DVR Resolution is the same as your monitor resolution or the resolution on your flat screen tv. It determines the image size. Resolution can be though of like Mega Pixels in digital cameras. The more Mega Pixels, the bigger the picture and the more quality you can see. The bigger the resolution the better the picture. Low cost DVR’s will have low resolution such as 352 X 240 or CIF, while a quality DVR will record at D1 or 704 X 480. New compression technologies such as H.264 allow higher quality video to be stored on less hard drive space.
Frame Rate is how many frames per second are recorded on the DVR. Frame rates of 15 fps will show video that is very choppy. Frame rates of 30fps will play video in real time showing smooth motions. Hollywood motion pictures are produced at 30fps. Most DVRs can record 30FPS, the catch is, you want to be sure that the DVR can record 30fps per channel. For instance on a 4 channel DVR you would need a DVR that could record at 120 FPS to get full real time recording on all channels.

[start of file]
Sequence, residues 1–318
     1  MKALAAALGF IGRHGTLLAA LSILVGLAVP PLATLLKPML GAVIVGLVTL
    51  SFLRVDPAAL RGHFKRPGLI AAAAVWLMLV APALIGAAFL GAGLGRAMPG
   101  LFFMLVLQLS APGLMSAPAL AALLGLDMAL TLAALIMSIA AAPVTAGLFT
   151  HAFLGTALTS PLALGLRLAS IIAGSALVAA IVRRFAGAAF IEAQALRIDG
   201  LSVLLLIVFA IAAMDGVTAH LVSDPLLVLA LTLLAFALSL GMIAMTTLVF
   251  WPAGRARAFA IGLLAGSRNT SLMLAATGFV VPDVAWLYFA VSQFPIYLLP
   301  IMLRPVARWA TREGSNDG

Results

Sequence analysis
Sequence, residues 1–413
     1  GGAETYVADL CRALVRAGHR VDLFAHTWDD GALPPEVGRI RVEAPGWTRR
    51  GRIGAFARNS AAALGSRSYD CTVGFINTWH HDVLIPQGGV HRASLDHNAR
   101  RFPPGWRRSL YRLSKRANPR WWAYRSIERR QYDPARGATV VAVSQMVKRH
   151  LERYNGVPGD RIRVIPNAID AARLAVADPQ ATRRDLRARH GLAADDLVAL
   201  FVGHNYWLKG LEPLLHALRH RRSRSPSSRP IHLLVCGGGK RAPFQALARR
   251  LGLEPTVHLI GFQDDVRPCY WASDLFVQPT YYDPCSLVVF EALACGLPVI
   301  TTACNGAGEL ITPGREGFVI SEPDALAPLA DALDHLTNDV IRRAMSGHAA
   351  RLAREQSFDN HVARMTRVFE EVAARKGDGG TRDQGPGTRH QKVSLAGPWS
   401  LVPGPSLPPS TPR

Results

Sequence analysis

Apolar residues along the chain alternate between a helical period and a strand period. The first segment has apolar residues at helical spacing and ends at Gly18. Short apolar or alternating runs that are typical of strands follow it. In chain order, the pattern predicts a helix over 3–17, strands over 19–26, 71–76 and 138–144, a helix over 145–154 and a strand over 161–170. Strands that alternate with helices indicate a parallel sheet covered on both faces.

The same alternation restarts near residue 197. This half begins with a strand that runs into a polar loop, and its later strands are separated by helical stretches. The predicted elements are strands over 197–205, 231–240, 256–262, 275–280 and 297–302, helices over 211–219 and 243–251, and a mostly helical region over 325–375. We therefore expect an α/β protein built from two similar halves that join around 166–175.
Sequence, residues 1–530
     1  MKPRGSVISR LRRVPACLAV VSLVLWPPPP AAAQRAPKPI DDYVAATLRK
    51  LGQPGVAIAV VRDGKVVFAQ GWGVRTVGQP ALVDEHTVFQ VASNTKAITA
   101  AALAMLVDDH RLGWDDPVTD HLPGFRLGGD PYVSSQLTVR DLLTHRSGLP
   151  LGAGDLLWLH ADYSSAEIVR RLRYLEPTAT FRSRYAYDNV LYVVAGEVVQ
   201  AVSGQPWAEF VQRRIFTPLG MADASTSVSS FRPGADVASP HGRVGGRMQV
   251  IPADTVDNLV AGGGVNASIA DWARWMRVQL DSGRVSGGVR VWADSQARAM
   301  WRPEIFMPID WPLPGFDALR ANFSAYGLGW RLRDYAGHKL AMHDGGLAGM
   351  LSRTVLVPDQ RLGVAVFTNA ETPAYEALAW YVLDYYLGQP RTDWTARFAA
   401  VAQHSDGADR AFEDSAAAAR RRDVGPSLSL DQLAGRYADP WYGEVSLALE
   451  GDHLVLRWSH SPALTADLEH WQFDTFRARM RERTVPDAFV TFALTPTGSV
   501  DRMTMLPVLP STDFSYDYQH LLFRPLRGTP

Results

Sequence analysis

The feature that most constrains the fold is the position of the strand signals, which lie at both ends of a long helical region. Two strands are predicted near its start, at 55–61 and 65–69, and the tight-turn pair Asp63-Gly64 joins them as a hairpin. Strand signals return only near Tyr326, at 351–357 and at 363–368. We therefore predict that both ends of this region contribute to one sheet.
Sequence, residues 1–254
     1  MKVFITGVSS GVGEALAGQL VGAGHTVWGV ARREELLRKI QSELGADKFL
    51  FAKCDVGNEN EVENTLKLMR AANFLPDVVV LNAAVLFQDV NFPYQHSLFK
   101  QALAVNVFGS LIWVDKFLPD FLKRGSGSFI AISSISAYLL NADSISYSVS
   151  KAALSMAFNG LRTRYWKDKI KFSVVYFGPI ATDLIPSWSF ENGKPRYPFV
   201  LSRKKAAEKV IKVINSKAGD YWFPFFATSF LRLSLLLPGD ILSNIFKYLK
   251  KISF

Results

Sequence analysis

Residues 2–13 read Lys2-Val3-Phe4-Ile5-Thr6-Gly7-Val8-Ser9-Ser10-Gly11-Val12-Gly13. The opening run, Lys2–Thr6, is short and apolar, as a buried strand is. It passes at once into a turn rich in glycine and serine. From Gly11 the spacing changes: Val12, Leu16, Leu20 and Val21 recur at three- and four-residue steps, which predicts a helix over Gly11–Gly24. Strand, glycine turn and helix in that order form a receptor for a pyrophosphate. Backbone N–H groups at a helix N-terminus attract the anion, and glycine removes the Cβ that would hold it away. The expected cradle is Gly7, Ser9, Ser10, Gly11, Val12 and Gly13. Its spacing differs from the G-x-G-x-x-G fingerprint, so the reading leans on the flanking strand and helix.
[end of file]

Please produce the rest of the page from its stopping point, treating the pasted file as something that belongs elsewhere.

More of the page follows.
Indoor / Outdoor
If you decide to mount your cameras outdoors you’ll definitely want to consider the cameras weather proof rating and whether or not it’s vandal Proof.
Weather proof Rating
Outdoor camera ratings will usually be show as IP## such as IP65. Ip is short for Ingress Protection Rating, or in other words: What it will keep out. The first digit is a rating on how well it keeps out solid particles, while the second digit is how well it keeps out liquid particles. For instance an IP51 will have a level 5 solid protection which will resist dust but not be dust proof, and it will have a level 1 on liquid protection which means it will resist dripping water but not wind blown rain. All outdoor cameras should be at least IP65 which means they are completely dust proof and will resist water blowing in a hurricane. Due to the small price difference between outdoor and indoor cameras, many reputable camera companies will use outdoor cameras inside because their dust resistance will increase the cameras life span.
If you intend to place a camera outdoors its important to get a vandal resistant camera. These cameras usually come in dome shapes are are capable of taking a hit from a basketball, rock, or even a direct hit from a baseball bat. Bullet Cameras can also be vandal resistant, but by the nature of their design and profile are more susceptible to physical attack.
Day / Night